Insecurity, rural credit and poverty reduction
Over the past several years, Nigeria has been hot on the hills of poverty, using various means to fight it. The use of microfinance as a strategy of poverty reduction was made manifest in 2005, the International Year of Microcredit, when the country launched its National Framework for Microfinance. Since then, a lot of things have been done to reduce poverty. These efforts came alongside the financial inclusion programme, which seeks to integrate many of Nigeria’s unbanked communities into the financial system.
The Central Bank has, in its now increasingly activist role as banker to the government and its chief economic adviser, introduced many funds for the benefit of the Micro, Small and Medium Enterprises (MSME) sector of the economy. Indeed, it is difficult to argue that the Nigerian Governments of the past decade have not taken poverty reduction seriously. Instead, one can state with significant degree of confidence, that the government has done a lot to reduce poverty among the citizens.
Unfortunately, the results of its efforts have been disappointing to say the least. Not only did Nigeria fail to reduce the headcount of poor people among its citizens, she took over the leadership of poverty-stricken people from India. Now its among the most dangerous places to live. By implication, either India stood still (they held poverty on the spot) of we were producing more poor people than they were, despite the huge difference in the population of the two countries. That could not possibly be the source of the differential in the performance of these countries. Perhaps, we need to look a bit harder inwards. I have some phenomena that I believe make nonsense of our poverty reduction efforts, and will hold us down until we resolve them.
The first is insecurity. Our inability to protect our people from death. This has stalled their economic pursuits and our desire to invest, even in our villages. How many of us are ready to stake our finances in an environment in which we are afraid to live? We have been reading some stories about capital inflows to Nigeria, over the past few months or in the lasts one year. It’s all paper statistics. In any case, the numbers have not been anything to write home about. We have blamed the pandemic for everything, including the increase in divorce rate among married couples. We have insisted that if not for the pandemic, foreign investment, both direct and portfolio, coming into Nigeria would have been much higher. Well, it may be true or false but we cannot say with any significant level of confidence that it would have been higher. Foreigners are now looking for the highest return to warrant the risk of investing in Nigeria. The same situation applies to local investment. How many of us have invested a kobo of their own troubled sections of the Northeast, North Central or even the new kid on the insecurity block, Southeast, over the past several years. Although capital may be a seeker of high returns,it is also a shameless coward. Capital is not emotional. It loves life and will never exchange its life for high returns.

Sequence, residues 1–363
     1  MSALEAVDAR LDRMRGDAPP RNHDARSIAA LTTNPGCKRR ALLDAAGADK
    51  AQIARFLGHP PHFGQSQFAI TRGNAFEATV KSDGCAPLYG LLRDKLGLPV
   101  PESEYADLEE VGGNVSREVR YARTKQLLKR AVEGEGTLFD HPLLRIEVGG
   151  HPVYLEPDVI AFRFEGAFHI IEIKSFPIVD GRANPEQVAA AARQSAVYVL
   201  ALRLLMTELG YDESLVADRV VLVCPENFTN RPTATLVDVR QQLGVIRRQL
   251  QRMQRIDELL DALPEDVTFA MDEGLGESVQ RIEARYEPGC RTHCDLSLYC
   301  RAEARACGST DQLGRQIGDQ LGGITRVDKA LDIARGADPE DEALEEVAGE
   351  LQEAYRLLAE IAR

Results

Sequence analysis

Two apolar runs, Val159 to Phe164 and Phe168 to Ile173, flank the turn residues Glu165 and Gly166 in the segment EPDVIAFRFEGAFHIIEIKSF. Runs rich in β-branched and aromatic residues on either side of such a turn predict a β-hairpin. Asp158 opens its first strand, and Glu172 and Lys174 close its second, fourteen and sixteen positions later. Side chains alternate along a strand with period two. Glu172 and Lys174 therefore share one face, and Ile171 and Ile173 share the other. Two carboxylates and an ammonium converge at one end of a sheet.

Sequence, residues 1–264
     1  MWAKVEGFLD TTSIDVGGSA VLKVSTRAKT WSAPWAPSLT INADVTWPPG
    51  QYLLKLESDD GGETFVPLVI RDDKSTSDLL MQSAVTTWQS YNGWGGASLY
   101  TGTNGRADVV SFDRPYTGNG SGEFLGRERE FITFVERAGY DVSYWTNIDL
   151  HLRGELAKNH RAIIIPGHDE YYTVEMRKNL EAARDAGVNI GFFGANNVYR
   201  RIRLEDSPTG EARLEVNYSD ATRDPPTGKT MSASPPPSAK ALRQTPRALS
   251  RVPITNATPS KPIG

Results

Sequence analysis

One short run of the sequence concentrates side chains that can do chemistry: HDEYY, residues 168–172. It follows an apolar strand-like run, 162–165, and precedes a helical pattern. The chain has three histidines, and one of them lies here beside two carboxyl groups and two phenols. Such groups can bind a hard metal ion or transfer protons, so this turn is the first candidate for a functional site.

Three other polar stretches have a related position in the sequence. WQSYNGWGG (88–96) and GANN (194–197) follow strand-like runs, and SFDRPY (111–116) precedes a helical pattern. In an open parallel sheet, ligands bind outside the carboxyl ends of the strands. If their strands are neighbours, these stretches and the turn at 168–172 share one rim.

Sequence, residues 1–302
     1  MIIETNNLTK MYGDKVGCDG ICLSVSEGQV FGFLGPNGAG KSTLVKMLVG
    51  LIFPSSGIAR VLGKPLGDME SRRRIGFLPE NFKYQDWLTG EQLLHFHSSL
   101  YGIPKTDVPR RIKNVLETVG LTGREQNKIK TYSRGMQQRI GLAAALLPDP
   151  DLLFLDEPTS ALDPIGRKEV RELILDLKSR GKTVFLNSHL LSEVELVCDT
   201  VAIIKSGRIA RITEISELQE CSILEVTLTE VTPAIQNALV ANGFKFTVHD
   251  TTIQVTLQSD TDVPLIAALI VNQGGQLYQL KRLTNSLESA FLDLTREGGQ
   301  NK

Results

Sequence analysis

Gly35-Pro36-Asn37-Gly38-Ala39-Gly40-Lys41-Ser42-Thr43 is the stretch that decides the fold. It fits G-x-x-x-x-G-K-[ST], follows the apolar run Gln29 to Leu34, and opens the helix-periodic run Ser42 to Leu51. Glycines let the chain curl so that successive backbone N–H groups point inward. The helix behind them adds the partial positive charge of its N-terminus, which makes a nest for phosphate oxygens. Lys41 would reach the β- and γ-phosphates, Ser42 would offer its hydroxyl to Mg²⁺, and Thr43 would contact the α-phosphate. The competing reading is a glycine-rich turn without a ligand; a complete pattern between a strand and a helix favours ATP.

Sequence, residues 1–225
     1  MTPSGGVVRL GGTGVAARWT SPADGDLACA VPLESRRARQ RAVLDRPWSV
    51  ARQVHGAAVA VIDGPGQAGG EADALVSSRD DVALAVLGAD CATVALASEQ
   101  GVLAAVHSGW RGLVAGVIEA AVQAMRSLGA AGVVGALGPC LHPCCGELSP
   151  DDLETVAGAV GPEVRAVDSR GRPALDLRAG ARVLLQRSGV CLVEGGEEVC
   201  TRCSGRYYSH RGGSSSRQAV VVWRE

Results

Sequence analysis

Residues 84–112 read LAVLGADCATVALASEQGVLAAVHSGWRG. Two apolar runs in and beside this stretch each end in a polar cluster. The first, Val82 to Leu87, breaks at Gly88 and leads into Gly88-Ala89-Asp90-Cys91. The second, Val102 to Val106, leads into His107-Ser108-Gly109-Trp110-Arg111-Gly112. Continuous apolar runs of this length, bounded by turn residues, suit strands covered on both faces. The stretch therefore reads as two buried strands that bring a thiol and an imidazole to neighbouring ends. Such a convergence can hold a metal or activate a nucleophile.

Prior to this insecurity debacle, rural credit was a factor in agriculture, especially peasant farming. People borrowed money to prepare the farms, plant and harvest. They paid back when harvest is done. Indeed, an increase in credit used to translate to increase in agricultural output. Now, it is not even sensible, both for the lender and borrower, to talk of putting borrowed funds into the farms nowadays. Microfinance, as an instrument of poverty reduction, thrives when it provides solutions to the key features of the informal credit market. One such feature is high interest rate. As Aryeetey and Udry note in their work on the subject, a loan involves the exchange of current resources for future resources. It therefore involves a promise. If a loan transaction occurs in a risky environment, and if repayment cannot be guaranteed to some extent, then the promised transfer of futureresources may not be certain.
We are told that bandits are harvesting our farms and making money thereby destroying the promise in the underlying credits. This, alone makes lending in unstable areas, which the whole country is fast becoming, at least in the rural areas that can be attacked freely, very difficult. The money lender may be unserious and a lover of money but not when his life is at risk. Those lending money to rural farmers and poor households in the Northeast will tell you that it is not possible to finance people whose farms are under the threat of occupation.